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Part of aging is saying good-bye. One of the first good-byes we say is to our kids as they grow up and leave home. Most of the time it is a healthy part of their growing up. Sometimes, it happens gradually as they grow up and go off to college, coming home during vacations. Sometimes, they stay home and go to Junior College. They live at home, often work and go to school as well. Sometimes, they go some sort of training and get a job. It happens sooner or later.
Eventually, our children grow up, move out of our homes, and say, “Good-bye.”
Our children get jobs, often get married, and move away from our homes and sometimes even from our towns. They often have children and begin raising their own children and raising their own families. Then we see which of our values they chose to follow and which they tossed for one reason or other. At times, it can become contentious between us as the differences show up.
There can be contention with our grown children, even our Christian children.
For us, it can be heartbreaking as well, if they aren’t following after the Lord. But there can be in-between areas of contention. In the process, they may have different areas of emphasis in politics than we do, different areas of emphasis in theology than we do, different areas of emphasis in child raising than we do–to name the big 3. That doesn’t cover conflicts with in-laws of course. We need to decide if they are so important that we want to sacrifice our relationship on those topics. Generally, I would rather not. We can always pray for them and ourselves. God can work in all of us to change us in the ways we need to change. Novel idea isn’t it?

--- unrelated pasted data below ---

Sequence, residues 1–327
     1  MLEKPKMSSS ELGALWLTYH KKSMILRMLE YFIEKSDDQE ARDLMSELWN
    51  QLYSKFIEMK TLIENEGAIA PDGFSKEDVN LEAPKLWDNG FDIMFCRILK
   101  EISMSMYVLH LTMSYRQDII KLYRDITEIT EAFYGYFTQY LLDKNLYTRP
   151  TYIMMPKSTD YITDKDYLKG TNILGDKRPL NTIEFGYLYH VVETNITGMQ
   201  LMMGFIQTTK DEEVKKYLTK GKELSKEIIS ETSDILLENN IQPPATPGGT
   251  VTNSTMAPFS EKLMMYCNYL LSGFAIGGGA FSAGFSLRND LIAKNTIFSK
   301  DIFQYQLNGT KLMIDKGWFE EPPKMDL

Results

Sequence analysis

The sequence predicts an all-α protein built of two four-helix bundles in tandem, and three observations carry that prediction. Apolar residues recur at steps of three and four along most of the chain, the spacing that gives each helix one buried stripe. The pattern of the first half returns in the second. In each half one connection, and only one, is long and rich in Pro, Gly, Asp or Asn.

There is no question that having grown children is a big change at the time. It is often the first of many good-byes.
But it is the end of an era. Those days of having our kids at home end faster than we expect. Having the noise, exuberance, chaos, and fun that children bring into a home is a sad thing to say good-bye to. All those years of training, teaching, laughing, loving, listening to, being responsible for, playing with, encouraging, and finally seeing them begin to mature… Then, it seems like suddenly, they are gone, even when we saw it coming.
There is a part of us that is happy to see that our kids have launched well…if they have. It is heart-breaking if they don’t launch well and stay dependent on us or have rebelled and don’t even want to be near us.
The fortunate ones are those who have their children and grandchildren near enough to see often. They get along well with their children and their children’s spouses. Their children are happy to be with them. But that is not as common as Hallmark movies or commercials might indicate.
Good relationships take time, work and the intervention of the Holy Spirit.
Good relationships take time and work. They don’t just happen. Often, we can be blind to the parts we play in sabotaging the relationships. I speak as the voice of experience there. We have to listen to the quiet voice of the Spirit rather than the accusing voice of the Evil One in these situations. It takes time to distinguish the difference. We can pray for God to bring about change, but often He brings change in us–a humble spirit, the willingness to apologize, the willingness to not always be right…and on it goes. Over time, God brings about change in all of us. He draws us closer together. He helps us understand what is important–people, the people we love.
And do not grieve the Holy Spirit of God, by whom you were sealed for the day of redemption.
Let all bitterness and wrath and anger and clamor and slander be put away from you, along with all malice.
Be kind to one another, tenderhearted, forgiving one another, as God in Christ forgave you.
Therefore be imitators of God, as beloved children. And walk in love, as Christ loved us and gave himself up for us,
a fragrant offering and sacrifice to God.
Ephesians 4:30-5:2 ESV